Independent: A Celebration Of Soho’s Record Shops

Photography by Spencer Murphy

Life moves pretty fast, as a better man once said. As writers we’re used to the ravages of passing time rendering our work irrelevant, but seldom have my words been so swiftly outdated as when I wrote the record shops section of the last Time Out shopping guide. Reckless Records and Mister CD closed down while I was researching it; Disque announced its demise as the editor was revising it; and Deal Real called last orders as the books were being stacked on shelves.

All of which made me rather sceptical about putting pen to paper to celebrate those still holding the fort in Soho. My own favourite vinyl haunt, once a bustling bazaar of lunch-breaking soul warriors flipping through the decades in their suits and ties, is these days deserted. More dance-orientated record shops are dead in the weeks and teeming with DJs panic-buying promos on weekends. So what, I wondered, was worth celebrating?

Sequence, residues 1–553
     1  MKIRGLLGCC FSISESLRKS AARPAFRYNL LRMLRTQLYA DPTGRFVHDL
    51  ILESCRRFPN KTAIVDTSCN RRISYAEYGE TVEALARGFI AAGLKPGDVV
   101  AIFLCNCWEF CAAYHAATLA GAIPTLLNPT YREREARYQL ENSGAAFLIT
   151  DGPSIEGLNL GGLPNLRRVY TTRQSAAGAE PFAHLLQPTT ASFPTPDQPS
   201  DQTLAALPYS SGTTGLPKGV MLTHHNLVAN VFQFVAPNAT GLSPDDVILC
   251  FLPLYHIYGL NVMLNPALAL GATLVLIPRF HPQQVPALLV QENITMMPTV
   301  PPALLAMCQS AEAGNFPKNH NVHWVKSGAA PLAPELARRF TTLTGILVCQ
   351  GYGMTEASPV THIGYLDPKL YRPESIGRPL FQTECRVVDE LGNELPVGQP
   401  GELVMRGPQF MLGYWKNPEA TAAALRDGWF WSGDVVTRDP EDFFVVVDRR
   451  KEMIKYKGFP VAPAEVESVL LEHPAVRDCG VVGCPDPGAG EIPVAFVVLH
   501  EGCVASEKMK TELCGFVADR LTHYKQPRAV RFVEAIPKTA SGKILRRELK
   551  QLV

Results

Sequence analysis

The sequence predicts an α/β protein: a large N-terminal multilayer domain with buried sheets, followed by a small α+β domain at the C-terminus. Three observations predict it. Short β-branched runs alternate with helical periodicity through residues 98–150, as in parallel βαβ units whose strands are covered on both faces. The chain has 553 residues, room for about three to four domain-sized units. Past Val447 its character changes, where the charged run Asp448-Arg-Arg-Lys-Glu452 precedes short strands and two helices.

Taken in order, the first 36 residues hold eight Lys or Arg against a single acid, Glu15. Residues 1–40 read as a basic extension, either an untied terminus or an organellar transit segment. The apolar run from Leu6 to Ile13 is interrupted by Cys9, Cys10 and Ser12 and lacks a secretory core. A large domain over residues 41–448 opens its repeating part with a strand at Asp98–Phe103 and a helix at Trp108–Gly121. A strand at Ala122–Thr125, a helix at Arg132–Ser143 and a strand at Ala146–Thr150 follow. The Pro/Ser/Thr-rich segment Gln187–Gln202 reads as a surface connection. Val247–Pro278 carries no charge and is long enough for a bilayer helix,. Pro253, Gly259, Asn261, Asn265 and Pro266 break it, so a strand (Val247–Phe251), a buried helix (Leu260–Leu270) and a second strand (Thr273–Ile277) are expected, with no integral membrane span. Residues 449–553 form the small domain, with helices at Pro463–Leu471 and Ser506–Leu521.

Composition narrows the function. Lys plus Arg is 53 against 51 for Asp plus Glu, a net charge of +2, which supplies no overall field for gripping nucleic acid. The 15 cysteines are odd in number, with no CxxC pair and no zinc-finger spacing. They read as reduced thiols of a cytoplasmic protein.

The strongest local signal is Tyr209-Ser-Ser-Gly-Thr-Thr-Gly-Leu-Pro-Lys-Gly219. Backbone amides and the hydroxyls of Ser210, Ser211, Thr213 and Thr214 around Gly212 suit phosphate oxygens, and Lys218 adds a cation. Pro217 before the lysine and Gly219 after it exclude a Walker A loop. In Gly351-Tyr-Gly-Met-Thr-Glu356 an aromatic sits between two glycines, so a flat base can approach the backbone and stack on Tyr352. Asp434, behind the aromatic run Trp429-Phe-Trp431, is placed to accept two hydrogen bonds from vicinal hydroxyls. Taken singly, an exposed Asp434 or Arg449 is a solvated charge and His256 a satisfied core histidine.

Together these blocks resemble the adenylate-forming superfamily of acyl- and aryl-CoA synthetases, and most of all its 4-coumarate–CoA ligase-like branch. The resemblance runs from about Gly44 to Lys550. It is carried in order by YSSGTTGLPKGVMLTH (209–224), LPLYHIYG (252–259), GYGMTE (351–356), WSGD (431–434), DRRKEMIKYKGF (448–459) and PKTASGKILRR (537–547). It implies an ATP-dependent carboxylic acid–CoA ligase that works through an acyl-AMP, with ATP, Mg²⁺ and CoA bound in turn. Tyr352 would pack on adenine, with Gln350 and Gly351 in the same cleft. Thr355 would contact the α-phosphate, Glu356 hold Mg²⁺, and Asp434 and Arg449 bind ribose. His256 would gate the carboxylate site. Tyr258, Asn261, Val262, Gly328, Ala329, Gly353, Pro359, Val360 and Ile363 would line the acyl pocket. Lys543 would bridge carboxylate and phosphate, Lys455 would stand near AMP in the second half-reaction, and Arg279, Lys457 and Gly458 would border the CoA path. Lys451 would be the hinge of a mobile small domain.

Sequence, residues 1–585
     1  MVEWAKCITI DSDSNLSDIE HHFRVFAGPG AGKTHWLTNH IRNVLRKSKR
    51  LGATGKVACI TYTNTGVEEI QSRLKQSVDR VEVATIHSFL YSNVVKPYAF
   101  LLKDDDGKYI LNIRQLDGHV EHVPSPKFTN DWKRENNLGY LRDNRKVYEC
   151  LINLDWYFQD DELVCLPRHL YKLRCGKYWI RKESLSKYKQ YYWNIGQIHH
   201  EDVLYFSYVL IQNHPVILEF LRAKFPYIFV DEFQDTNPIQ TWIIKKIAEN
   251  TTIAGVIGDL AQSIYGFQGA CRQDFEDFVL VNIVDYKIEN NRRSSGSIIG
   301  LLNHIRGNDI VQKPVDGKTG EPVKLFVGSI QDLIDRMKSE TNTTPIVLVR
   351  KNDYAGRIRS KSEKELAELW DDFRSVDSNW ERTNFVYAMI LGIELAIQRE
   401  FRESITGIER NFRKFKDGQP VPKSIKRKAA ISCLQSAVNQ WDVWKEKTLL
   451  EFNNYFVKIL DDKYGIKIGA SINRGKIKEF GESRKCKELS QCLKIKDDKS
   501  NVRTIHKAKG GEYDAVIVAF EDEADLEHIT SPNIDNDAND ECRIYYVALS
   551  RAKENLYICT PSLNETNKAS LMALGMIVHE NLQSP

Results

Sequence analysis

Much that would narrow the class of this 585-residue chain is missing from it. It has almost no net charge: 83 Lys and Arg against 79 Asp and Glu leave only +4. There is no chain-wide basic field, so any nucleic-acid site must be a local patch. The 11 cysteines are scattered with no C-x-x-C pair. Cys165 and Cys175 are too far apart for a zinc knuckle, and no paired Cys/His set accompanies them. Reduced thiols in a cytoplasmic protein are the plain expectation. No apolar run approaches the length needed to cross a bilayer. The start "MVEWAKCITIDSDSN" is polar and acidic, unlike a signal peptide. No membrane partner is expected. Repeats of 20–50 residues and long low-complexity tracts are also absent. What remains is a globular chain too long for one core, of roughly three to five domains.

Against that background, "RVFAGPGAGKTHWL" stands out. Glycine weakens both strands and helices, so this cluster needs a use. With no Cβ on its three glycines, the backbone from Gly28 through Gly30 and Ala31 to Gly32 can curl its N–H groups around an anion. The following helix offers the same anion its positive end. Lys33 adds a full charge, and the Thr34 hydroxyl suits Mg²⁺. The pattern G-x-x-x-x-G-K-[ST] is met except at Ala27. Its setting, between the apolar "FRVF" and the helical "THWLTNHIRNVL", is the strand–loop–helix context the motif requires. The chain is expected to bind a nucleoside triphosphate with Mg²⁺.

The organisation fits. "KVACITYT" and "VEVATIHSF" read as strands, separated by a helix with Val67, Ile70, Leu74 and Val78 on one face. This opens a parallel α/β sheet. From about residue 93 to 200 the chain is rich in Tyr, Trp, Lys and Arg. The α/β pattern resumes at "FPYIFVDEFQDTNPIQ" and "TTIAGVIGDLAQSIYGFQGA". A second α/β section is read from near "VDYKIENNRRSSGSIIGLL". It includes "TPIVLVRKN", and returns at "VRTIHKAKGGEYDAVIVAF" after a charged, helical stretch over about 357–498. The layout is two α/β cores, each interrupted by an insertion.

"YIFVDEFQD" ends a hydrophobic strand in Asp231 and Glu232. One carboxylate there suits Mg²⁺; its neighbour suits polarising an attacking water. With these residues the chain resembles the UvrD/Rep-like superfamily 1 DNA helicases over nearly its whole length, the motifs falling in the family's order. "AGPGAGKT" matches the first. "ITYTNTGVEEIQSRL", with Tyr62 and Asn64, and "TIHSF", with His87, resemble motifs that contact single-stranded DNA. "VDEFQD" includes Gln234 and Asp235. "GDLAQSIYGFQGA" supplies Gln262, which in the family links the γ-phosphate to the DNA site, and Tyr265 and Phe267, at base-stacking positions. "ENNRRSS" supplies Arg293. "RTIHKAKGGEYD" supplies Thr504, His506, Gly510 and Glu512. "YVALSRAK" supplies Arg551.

Then I saw Spencer Murphy’s photographs, and realised that the answer had been staring at me all along. It’s the acquired personality of the places themselves; the cumulative weight of so much vinyl dust and cheerful banter and afternoons gleefully wasted between the sleeves. It’s written into the faces of the men and women behind the counter: cheeky bassline-peddler Nicky Blackmarket of BM Soho; the impossibly suave Jean-Claude Thompson of If Music; Zorra, an embodiment of Zen-like calm amid the urban storm of Wyld Pytch.

Customers may be staying home and ordering music in a torrent of soulless zeros and ones, but as long as the subjects of Spencer’s photographs are opening up shop each morning, the independent record store is growing old gracefully. It’s up to those of us who still care to show our love as well as our custom, and to remember the good old days while they’re still here.